After the service was over, and I had apologized (again) for my many errors, and she had said thank you (again) for trying, and I realized that whatever I had done or not done had not scarred her for life, another woman approached Nathalie from the side and got her attention.

“I saw you on TV,” she said, her eyes wide and her mouth practicing greatly exaggerated enunciation.  Nathalie smiled and nodded her head.

“Why was she on TV?” asked another.   I didn’t know, so I signed the question to Nathalie.

“Because of a book,” she replied modestly. 

Nathalie's greenhouse close to where we live - full of Hoyas!
Born deaf in Sweden, Nathalie first visited PNG in 2005 as part of an around-the-world trip.  As a botanist fascinated by the genus Hoya, she was delighted to discover that the tropical PNG forests hold at least 70 species of the wax plant, some 90% of which have not been recorded outside the island.  As she traveled and met people, she quickly also became passionate about the needs of the deaf community in Papua New Guinea and began to involve them in her research whenever possible.  She returned in 2010 to begin a five-year dual research project.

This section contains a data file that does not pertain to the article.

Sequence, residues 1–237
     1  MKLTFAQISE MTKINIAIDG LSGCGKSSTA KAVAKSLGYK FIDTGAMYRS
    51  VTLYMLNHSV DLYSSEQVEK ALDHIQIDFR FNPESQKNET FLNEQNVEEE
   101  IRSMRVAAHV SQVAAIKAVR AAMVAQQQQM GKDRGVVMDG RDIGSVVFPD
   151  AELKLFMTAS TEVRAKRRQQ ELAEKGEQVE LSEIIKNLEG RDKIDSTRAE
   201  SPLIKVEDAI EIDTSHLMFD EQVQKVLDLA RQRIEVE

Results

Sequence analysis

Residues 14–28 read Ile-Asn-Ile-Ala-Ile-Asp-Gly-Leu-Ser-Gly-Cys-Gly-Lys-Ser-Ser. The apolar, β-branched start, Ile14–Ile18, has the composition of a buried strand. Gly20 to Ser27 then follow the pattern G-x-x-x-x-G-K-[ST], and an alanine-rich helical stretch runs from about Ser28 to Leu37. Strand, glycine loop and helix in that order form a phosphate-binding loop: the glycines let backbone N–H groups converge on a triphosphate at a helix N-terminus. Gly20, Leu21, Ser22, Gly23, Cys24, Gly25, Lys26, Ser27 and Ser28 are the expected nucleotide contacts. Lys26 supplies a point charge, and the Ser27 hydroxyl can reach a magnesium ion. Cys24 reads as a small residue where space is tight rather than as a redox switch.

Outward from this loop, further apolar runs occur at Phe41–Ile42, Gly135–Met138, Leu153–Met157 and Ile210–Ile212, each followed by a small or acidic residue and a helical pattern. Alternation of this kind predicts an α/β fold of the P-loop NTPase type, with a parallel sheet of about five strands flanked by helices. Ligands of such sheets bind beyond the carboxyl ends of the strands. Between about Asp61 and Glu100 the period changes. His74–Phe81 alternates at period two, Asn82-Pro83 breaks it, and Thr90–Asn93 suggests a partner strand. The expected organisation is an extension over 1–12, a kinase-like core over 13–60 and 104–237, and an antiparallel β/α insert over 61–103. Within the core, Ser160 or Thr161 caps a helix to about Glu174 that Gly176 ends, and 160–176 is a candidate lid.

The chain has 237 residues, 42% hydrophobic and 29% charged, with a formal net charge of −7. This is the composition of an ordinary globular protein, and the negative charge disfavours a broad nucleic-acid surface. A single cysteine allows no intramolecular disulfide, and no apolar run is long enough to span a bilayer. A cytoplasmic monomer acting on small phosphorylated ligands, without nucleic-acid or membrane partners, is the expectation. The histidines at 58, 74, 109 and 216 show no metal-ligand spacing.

While much of the modern world has come to understand the realities of deafness, it is still not uncommon in more remote areas for people to assume that deaf individuals are mentally disabled or even cursed with spirits.

The reality is, if a child grows up not being exposed to language, he will not acquire language.  And many parents of deaf children in third world or developing countries cannot figure out how to communicate with their children.  Therefore, though deafness does not affect intelligence, people who don’t know any differently often assume the child must be incapable of learning, functioning, or relating normally.